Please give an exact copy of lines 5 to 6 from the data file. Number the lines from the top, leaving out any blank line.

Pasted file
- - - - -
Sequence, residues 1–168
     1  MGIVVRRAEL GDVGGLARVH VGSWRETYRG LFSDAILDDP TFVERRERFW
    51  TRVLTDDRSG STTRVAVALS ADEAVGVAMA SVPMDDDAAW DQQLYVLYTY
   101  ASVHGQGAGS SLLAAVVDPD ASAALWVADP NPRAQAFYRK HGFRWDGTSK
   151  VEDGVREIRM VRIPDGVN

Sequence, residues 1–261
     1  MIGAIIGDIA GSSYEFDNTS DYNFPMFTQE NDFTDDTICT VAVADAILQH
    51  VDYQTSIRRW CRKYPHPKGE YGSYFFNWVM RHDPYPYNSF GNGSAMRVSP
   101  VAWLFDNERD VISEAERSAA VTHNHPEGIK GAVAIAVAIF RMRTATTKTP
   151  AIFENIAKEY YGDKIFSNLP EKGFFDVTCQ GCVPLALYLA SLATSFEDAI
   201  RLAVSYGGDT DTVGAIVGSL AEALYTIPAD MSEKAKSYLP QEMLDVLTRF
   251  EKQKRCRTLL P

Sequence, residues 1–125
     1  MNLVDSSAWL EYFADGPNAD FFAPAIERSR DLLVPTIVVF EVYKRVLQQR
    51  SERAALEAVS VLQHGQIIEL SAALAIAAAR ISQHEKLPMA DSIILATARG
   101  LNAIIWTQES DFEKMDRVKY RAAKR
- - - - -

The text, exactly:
   151  VEDGVREIRM VRIPDGVN

Sequence, residues 1–261